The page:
Your facility’s special events can either be a great example, or a horrible warning. Learn how to manage special events that sparkle.

Special events are a terrific way to make a difference for corporate groups, sports teams, charitable organizations,  individuals or really anyone looking to celebrate or come together—but only if you do it right! As the saying goes, you can either be a great example, or a horrible warning. To be a great example and nail your events, read about our real life experience and check out the tips below to learn how to create special events that excite guests.

Why Guest Experience Matters

I recently had the opportunity to attend a friend’s wedding at a boutique hotel in the UK. So much of what I have learned about sales and service early on came from when I coordinated weddings for a local wedding venue and inn, so I was excited to see what the property would do to wow the guests and their families—all of whom traveled to the event.

With favors, bags, cupcakes and a wide-eyed bride-to-be in tow, we arrived at the hotel the day before the wedding and were met with—nothing. At guest service, the bride had to spell her name three times for the representative to locate her reservation and had to explain repeatedly that she was getting married onsite the following day. After what felt like an eternity, the staff was convinced enough to help situate the cake and other supplies. 

Over the next two days, the bride and her guests had to insist multiple times to different team members that, yes, there would be a wedding on the property and to please check their records again to locate guest rooms or reservations.

In contrast, I had reserved a room at a neighboring hotel. Prior to my arrival, I received an email from the guest services manager asking for my upcoming arrival time. I arrived three hours early, gave my name and the representative exclaimed, “Oh, that’s wonderful. We’ve been expecting you and have your room ready. Here’s your key, Wi-Fi code, and breakfast information. We hope you enjoy your stay.”

The entire process was completed in less than three minutes and I was on my way. It was so different than the welcome my friend—the bride—a true VIP, had experienced. I was just your average guest, but I felt amazing with the service I’d received. And sure, throughout the wedding day, there were a handful of team members at the host hotel that were lovely, but it just goes to show the impact on your guest experience if even one piece of the puzzle is out of place.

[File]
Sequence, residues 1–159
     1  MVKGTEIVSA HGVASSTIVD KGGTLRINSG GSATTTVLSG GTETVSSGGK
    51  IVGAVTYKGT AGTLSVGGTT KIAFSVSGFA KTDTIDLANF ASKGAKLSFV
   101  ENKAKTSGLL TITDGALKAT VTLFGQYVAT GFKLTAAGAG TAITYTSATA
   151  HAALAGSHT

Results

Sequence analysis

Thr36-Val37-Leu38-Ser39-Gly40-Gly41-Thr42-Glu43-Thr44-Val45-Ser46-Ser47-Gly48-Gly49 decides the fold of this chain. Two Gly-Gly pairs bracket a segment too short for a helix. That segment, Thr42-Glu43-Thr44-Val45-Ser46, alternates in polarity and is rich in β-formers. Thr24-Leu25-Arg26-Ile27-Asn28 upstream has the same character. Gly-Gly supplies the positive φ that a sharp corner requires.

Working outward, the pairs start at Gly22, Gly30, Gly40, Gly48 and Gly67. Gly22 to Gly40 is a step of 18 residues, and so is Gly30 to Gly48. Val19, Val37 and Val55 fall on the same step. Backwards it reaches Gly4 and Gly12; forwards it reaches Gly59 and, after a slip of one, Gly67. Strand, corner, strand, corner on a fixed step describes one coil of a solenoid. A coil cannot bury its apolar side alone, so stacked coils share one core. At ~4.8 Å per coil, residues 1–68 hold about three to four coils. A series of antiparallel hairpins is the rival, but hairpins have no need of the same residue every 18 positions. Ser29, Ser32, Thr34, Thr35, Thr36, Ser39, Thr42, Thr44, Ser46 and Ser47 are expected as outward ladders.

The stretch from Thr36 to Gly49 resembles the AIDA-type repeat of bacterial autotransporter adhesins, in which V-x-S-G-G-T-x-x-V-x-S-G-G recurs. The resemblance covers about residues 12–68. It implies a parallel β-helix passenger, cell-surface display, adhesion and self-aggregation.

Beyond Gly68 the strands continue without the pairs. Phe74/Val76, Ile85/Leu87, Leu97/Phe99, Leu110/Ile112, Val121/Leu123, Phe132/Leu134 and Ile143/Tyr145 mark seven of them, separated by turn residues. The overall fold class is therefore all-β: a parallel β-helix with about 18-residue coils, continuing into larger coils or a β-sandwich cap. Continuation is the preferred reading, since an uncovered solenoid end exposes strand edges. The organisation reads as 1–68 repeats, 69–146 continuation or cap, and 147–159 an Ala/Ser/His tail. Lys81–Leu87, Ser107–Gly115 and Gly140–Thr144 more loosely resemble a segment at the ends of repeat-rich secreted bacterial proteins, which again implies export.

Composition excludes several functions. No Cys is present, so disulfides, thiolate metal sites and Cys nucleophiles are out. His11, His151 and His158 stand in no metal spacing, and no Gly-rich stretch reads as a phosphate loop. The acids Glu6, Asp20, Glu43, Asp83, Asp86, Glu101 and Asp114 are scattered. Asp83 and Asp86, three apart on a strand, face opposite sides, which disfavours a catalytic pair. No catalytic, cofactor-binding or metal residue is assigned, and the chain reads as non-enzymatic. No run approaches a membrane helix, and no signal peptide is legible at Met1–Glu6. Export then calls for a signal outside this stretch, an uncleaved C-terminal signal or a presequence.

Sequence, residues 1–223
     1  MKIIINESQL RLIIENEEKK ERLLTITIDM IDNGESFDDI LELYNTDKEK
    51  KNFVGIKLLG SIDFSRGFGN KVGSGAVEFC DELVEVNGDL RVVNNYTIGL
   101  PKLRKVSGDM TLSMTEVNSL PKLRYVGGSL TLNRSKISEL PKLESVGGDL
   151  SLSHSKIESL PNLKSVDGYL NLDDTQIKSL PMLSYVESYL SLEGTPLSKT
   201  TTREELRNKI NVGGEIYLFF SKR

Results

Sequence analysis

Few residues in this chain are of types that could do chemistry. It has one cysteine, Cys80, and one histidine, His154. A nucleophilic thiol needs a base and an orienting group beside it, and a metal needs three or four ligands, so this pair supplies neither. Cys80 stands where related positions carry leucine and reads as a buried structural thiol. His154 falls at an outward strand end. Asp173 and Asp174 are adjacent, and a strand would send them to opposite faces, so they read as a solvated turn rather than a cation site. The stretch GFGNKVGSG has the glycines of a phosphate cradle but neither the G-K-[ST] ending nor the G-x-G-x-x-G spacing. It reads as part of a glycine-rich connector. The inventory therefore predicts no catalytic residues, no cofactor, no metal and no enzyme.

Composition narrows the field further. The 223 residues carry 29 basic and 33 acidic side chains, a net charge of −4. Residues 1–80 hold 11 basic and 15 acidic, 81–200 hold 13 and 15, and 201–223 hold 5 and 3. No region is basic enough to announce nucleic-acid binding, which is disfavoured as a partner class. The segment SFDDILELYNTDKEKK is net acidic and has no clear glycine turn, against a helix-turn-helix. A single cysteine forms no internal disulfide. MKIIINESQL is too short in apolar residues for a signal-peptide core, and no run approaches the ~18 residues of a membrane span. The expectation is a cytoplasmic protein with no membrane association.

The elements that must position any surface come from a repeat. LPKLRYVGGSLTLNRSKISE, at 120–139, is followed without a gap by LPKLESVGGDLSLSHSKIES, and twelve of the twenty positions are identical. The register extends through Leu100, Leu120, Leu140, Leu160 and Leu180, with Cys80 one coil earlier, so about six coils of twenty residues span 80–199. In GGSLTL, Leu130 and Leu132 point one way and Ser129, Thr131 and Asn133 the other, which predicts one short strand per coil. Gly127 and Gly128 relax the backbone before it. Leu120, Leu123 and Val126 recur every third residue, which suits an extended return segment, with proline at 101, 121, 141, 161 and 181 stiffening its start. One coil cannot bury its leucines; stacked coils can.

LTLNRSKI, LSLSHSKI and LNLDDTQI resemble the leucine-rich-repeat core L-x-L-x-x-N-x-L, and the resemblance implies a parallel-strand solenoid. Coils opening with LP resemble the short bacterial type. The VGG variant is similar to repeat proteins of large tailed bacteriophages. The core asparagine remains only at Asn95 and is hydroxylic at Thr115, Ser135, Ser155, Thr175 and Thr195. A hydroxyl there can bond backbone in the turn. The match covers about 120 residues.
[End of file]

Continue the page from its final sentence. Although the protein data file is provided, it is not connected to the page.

In your facility, what kind of guest experience do you offer? Do you treat your VIPs like nobodies, or do you welcome every guest as if you’ve been eagerly anticipating their arrival all day? Special events offer your facility a terrific way to show what your team is made of. Here are 10 steps to help you avoid the pitfalls of a painful experience.

No. 1: Build a smart plan.

Use an event project plan to systematize key milestone planning for an event once it’s booked. Include important dates for when you need final head counts, food orders, special linens or other decorations and when final payments are due. Create auto-email templates from your facility management system to send important email reminders to guests, or use customizable event type milestones relative to an event’s date to alert staff of necessary actions to take onsite with guests or vendors, for example.

No. 2: Conduct a party prep call.

Be sure to include a party prep call in your milestone plan to contact a party planner a few days prior to the event to set (and confirm) expectations for the day of the event. Include things like where guests should park, who will be the manager on duty, their onsite point of contact and where a meeting point will be when they arrive.